American Speech-Language-Hearing Association

Working in the School Setting: A Guide to Begin or Reignite Your Career in Schools

This information is for SLPs who are returning to or entering the school setting for the first time. Working in schools can be a unique and rewarding career for a speech-language pathologist. While there are many options available to SLPs, working in schools offers exposure to one of the most diverse client populations: a school caseload has an array of students with a variety of disorders and range of severity. By working in schools, SLPs gain a unique view into the role communication plays in social interaction and classroom performance of students. There is no paucity of teaming possibilities-with teachers, administrators, psychologists, occupational therapists, physical therapists, and other related professionals.

What other setting will allow the SLP to follow a student's growth from early elementary to graduation and on to work or university? There is nothing more fulfilling than to see your students' progress over time and to witness the value of your work as a SLP.

Key Issues

  • The Roles and Responsibilities of Speech-Language Pathologists in Schools professional issues statement outlines the critical roles, range of responsibilities, collaboration, and leadership fundamental to school-based practice.
  • The Individuals with Disabilities Education Act (IDEA) is the federal law that governs special education and related services to all children with disabilities. This includes children with speech and communication disorders. It is important for SLPs to become familiar with the law and regulations in order to better understand the special education process in schools.
  • Documentation requirements are driven by IDEA and other federal or state laws and regulations, including the Family Education Rights and Privacy Act (FERPA).
  • IDEA requires that all students who receive special education have an Individual Education Program or IEP. The IEP is the blueprint for the services that each child receives and should include a statement of the child's present level of performance and measurable annual goals, including academic and functional goals that will help the child to benefit from the educational curriculum. IEP progress reports are completed at each grading period, typically about 4 times a year.
  • Eligibility criteria for speech-language services in schools differ from criteria for clinical settings. It's important for SLPs to know that not every child assessed for speech and communication disorders in schools will qualify for and receive speech-language services. Check with your state or local district for guidelines.
  • Service delivery in schools is typically conducted through individual or small-group sessions and/or in the classroom, in collaboration with teachers and other education professionals. Tracking goals and collecting data for multiple students in one session is accomplished with preplanning and organization. It is important to develop a method of tracking data for each student's goals in order to report progress throughout the year.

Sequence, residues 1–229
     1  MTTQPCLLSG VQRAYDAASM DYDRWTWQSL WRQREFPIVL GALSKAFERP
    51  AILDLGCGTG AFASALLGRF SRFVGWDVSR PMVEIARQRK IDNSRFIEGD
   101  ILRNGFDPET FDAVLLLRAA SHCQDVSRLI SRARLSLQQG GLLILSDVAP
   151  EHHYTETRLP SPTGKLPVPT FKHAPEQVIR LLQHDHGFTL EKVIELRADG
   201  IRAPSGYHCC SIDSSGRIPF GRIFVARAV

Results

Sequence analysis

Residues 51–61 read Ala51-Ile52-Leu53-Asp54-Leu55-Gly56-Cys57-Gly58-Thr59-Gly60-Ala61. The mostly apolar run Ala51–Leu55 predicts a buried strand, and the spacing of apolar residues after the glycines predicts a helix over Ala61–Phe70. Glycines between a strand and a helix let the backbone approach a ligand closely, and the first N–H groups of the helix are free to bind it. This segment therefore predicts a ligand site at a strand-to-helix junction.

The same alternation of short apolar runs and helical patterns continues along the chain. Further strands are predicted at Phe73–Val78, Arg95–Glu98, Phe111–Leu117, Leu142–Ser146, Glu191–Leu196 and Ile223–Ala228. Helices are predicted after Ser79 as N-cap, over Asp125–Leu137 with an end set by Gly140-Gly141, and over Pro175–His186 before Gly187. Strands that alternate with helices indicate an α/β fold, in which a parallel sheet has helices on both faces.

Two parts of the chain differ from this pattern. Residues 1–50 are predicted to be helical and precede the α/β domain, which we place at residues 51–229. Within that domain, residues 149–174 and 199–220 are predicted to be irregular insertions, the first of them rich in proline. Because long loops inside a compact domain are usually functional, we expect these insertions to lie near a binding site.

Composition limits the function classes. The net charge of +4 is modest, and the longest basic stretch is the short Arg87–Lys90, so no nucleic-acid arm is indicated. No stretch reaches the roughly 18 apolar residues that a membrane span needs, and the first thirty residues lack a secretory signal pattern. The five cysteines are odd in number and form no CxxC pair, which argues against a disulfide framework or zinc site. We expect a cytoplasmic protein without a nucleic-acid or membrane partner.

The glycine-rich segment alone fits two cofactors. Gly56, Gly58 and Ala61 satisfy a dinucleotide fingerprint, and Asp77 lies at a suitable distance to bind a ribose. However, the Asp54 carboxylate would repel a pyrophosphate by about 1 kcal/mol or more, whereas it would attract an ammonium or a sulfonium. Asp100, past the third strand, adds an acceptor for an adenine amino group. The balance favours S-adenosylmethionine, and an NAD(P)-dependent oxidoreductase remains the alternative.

• Caseload refers to the number of children you serve in a school. Workload is the amount of work generated by the students that make up your caseload. According the ASHA 2012 Schools Survey, the median caseload size is 47. Variable service delivery options allow for more students to be served in schools than in clinical settings.
  • Response to Intervention (RTI) is a process in which struggling students are provided with alternative interventions in areas of need in order to determine if their performance is due learning difficulties or inadequate instruction. Some schools fully embrace the RTI model, while others do not. IDEA allows for RTI, but does not require it. SLPs often play a role in the RTI process in their schools.
  • The Common Core State Standards have been adopted by most states as part of an initiative to prepare students for college programs or to enter the workforce. The standards encompass the areas of reading, writing, speaking and listening, language, and mathematics. SLPs should be familiar with the standards in their respective states so that they can develop IEP goals that complement and integrate the Common Core curriculum for the students they serve.
  • Speech-language pathology assistants (SLPAs) typically work in the school setting under the supervision of an SLP. The scope of practice for an SLPA is narrower than that of an SLP and is designed to support, not supplant, the work of the SLP. ASHA recommends that SLPs supervise no more than two SLPAs at a time.
  • ASHA's state by state webpage outlines teaching requirements from each state across the country. Learn in advance what you'll need to work in the public schools in your state.
  • Salaries in schools vary widely across the country. ASHA's 2012 School Survey provides salary data for public-school SLPs in each state. Opportunities to earn additional income may be available by working in after school or summer school programs. Some states offer salary supplements to SLPs who hold the CCC credential. Schools also offer excellent retirement plans, health benefits, and favorable schedules.
  • In most schools, SLPs are required to be involved in Medicaid reimbursement. Starting in 2014, all school-based SLPs will be required to have a National Provider Identification number to bill Medicaid services.

Resources

Contact us at schools@asha.org.

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